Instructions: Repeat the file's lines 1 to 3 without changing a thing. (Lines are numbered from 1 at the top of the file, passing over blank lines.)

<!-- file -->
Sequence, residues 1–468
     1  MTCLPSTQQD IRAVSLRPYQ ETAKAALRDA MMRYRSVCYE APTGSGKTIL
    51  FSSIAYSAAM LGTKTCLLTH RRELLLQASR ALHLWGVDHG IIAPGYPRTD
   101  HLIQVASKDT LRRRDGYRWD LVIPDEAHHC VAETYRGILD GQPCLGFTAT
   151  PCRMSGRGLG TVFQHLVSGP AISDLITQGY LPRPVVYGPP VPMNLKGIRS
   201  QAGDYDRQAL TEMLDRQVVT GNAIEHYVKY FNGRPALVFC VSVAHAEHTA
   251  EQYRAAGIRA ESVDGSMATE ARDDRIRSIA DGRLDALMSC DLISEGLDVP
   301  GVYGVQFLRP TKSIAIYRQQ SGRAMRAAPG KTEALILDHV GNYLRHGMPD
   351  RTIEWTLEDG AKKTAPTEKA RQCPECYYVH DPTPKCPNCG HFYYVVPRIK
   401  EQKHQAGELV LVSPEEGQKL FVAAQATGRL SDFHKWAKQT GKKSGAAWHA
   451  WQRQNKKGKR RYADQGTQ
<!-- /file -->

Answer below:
Sequence, residues 1–468
     1  MTCLPSTQQD IRAVSLRPYQ ETAKAALRDA MMRYRSVCYE APTGSGKTIL
    51  FSSIAYSAAM LGTKTCLLTH RRELLLQASR ALHLWGVDHG IIAPGYPRTD